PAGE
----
Canon EOS 350D review
Since our original review six months ago, the EOS 350D has held onto its A-List status without problem. It’s the smallest and lightest of the group, yet battery life is excellent. We were able to shoot hundreds of frames with flash use and image reviewing between charges. Build quality is on a par with the solid Nikon D50, although ergonomically the latter is superior thanks to a bigger handgrip.
We like the fact that the LCD is above the main 1.8in TFT (which is a touch small). It’s backlit and means you don’t need to look on top of the camera as with the D50 and *ist DL to check settings. Menu navigation buttons double as main functions when shooting, providing instant access to ISO, white balance, exposure compensation, metering and focus modes. It’s a shame you have to use the TFT (instead of the LCD) to change some of these, and it’s also annoying that there’s no spot-metering mode.
Startup is instant and the EOS 350D will shoot at 3fps for 14 frames in JPEG mode or four in RAW- this is a major advantage over slower cameras like the FinePix S9500.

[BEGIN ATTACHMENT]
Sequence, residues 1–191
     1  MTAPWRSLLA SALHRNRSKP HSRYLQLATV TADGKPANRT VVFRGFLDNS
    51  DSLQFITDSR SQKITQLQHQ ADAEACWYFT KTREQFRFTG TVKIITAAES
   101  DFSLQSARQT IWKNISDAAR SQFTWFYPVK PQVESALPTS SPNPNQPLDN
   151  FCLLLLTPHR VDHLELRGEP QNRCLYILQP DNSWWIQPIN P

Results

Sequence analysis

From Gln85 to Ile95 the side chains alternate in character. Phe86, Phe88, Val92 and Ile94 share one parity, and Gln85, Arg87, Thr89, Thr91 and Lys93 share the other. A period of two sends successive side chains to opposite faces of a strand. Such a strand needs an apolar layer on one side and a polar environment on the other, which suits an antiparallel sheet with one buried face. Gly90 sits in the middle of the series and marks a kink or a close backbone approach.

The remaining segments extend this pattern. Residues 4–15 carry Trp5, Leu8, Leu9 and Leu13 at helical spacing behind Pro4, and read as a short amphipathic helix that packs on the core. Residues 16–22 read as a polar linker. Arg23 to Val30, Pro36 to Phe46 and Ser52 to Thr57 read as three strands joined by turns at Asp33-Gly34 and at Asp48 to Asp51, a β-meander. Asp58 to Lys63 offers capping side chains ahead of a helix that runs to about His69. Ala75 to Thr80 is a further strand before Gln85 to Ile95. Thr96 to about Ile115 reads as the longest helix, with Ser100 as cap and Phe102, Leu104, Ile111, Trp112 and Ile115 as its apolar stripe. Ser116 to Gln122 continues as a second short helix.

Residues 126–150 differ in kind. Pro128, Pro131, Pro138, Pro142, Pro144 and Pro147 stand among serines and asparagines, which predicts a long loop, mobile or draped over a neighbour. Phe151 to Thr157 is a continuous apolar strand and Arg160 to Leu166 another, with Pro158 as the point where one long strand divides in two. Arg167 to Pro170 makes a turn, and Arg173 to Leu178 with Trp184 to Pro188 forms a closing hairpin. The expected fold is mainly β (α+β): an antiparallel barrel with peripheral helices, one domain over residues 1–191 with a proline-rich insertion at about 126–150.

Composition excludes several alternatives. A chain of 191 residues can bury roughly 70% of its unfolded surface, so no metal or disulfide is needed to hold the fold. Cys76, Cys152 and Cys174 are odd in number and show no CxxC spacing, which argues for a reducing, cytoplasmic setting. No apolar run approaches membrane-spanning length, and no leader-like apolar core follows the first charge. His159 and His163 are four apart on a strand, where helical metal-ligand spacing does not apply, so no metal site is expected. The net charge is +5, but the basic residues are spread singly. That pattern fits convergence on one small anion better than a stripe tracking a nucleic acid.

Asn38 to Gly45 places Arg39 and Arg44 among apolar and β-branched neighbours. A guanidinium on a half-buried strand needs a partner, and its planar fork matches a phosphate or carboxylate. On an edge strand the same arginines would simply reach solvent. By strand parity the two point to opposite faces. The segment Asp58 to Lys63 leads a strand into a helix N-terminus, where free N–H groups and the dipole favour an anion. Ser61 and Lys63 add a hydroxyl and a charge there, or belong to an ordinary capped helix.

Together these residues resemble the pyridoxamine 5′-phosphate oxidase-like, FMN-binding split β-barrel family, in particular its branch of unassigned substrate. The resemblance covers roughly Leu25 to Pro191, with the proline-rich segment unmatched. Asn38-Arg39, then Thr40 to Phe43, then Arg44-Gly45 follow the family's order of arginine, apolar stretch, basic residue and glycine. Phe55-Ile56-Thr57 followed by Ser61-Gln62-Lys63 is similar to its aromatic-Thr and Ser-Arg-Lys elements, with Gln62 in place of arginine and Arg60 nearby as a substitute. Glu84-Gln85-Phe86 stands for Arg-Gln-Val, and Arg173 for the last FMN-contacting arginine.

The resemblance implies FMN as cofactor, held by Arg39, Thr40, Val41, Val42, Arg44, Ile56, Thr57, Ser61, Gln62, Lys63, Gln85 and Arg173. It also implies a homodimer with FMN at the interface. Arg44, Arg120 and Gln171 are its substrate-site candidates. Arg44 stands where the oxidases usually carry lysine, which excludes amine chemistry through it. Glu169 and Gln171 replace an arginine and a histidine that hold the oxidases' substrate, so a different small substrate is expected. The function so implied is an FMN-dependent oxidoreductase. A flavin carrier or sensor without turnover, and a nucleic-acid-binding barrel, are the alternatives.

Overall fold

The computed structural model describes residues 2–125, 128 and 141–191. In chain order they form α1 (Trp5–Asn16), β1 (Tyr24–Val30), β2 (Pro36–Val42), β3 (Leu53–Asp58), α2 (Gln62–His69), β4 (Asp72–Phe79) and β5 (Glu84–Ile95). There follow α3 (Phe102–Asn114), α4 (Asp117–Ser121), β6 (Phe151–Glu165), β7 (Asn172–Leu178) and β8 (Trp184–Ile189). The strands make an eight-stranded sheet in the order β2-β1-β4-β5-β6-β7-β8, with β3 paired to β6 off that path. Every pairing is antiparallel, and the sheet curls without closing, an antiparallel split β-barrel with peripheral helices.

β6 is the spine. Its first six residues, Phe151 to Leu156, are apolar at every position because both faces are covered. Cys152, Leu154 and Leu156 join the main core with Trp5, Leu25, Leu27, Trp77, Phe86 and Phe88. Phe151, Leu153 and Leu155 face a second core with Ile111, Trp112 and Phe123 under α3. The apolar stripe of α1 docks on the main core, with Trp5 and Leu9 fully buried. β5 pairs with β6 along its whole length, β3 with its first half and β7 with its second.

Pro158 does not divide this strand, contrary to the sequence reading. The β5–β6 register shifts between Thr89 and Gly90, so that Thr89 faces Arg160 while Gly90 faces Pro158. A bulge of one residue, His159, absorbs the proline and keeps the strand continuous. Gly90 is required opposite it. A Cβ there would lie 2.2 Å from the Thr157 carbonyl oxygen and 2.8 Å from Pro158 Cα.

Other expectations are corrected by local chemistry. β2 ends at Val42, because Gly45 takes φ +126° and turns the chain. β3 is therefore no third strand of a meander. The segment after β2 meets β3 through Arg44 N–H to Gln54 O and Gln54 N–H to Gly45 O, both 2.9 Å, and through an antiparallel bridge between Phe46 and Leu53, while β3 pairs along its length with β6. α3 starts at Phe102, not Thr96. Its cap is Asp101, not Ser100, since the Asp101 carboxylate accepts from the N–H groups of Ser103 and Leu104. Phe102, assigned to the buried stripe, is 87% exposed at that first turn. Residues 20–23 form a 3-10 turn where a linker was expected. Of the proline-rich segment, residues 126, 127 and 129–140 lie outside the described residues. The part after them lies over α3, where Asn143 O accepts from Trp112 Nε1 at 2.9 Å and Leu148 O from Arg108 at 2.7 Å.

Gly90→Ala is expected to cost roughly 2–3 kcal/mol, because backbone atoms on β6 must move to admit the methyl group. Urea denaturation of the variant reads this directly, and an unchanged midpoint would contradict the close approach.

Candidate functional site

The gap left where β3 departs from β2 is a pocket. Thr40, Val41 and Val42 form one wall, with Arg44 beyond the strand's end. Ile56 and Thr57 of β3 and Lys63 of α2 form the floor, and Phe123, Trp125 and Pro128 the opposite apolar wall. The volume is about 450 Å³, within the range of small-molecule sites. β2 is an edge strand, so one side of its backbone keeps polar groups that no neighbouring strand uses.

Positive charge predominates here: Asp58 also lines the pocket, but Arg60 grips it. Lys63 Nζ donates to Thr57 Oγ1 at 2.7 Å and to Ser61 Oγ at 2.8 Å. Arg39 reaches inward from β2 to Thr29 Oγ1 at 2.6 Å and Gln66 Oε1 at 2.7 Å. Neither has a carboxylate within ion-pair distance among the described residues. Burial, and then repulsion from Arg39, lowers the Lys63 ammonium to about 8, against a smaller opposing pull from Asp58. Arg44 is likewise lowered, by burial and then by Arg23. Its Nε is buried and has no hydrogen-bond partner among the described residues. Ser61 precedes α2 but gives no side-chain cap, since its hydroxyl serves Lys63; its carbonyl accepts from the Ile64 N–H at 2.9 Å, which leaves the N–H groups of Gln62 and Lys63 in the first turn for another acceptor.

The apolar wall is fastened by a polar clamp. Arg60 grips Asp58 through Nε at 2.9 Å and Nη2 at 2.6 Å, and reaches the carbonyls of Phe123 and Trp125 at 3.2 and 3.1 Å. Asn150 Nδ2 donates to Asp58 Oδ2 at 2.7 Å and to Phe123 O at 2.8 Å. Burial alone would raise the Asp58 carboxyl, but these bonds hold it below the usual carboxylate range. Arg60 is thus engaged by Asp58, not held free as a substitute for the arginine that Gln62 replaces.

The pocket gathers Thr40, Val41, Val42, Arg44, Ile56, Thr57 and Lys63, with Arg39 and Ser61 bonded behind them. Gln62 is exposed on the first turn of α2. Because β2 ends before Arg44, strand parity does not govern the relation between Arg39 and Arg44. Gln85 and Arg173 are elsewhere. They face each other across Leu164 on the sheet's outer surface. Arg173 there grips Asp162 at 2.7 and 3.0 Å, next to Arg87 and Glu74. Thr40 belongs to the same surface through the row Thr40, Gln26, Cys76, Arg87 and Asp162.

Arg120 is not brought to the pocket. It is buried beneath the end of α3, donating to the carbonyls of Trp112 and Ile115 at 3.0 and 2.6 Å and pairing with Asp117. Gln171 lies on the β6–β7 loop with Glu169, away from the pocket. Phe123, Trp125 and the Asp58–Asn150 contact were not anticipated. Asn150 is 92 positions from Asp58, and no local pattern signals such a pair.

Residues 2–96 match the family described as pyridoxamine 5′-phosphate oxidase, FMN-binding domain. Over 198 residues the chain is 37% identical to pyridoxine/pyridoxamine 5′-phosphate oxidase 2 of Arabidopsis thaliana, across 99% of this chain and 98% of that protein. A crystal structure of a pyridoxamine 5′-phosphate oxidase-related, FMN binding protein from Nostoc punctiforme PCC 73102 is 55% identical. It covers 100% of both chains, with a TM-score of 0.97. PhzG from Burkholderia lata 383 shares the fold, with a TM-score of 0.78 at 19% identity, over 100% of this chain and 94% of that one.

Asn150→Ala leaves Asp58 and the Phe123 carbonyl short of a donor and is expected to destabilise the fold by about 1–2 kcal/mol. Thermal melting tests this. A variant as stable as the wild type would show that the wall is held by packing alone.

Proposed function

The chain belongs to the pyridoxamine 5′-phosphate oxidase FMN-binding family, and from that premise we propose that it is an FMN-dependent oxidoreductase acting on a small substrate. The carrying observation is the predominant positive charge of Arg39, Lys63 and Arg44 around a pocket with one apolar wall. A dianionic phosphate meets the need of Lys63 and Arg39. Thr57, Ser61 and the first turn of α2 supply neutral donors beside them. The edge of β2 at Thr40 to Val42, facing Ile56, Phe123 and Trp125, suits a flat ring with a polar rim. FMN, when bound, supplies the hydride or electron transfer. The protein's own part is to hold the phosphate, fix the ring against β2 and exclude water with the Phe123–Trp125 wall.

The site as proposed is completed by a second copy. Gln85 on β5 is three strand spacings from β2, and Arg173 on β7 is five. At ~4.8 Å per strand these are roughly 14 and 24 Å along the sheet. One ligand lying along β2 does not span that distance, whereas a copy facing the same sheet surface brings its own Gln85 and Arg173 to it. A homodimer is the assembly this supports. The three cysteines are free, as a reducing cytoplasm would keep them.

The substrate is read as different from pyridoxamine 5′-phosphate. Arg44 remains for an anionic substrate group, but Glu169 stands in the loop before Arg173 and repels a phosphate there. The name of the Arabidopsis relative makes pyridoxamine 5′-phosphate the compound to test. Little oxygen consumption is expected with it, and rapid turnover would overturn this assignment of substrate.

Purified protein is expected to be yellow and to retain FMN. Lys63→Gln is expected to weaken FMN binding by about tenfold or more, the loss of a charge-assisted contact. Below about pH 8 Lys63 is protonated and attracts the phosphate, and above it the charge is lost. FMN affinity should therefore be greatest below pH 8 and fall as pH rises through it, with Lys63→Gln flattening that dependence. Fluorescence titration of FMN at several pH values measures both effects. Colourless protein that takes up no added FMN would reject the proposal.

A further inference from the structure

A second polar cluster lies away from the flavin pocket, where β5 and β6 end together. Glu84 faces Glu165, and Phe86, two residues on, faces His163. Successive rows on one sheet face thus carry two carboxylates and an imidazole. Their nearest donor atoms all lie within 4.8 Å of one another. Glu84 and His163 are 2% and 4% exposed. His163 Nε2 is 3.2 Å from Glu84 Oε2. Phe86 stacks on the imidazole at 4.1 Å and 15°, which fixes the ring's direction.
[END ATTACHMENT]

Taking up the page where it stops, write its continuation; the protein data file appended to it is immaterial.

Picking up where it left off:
Of course, with a Canon EF lens mount, you can use a huge range of lenses – a limitation with others like Olympus and Pentax. The bundled kit lens offers an 18-55mm zoom and can focus down to 28cm. The highlight, however, is the 8-megapixel CMOS sensor, which distinguishes it from all but the Olympus and Fujifilm here.
You really can see the difference in resolution when viewing images at 100 per cent, but this is only useful if you want to crop a centre portion. For printing at anything up to A4, it will be hard to notice the difference between this and the 6-megapixel cameras on test.
Overall, the 350D produces well-exposed images under any circumstances. The kit lens isn’t as sharp as the Nikon’s, but you’d only tell by comparing photos side-by-side. In low light, images were usable up to ISO 800; noise was kept to a minimum, and much less noticeable than with the Olympus. The built-in flash provides great results, never leaving images with a washed-out look and eliminating red eye.
Our only real problem was white-balance accuracy. Compared to the Nikon, which kept every image neutral, we saw slight colour casts in almost every situation. Of course, you can shoot in RAW mode and set the balance afterwards using the supplied software.
It’s virtually impossible to choose between the 350D and D50, as they’re both excellent, albeit in subtly different ways. The Canon’s extra price reflects the included RAW editing software, and with a higher resolution and features like a backlit LCD it wins by the smallest margin.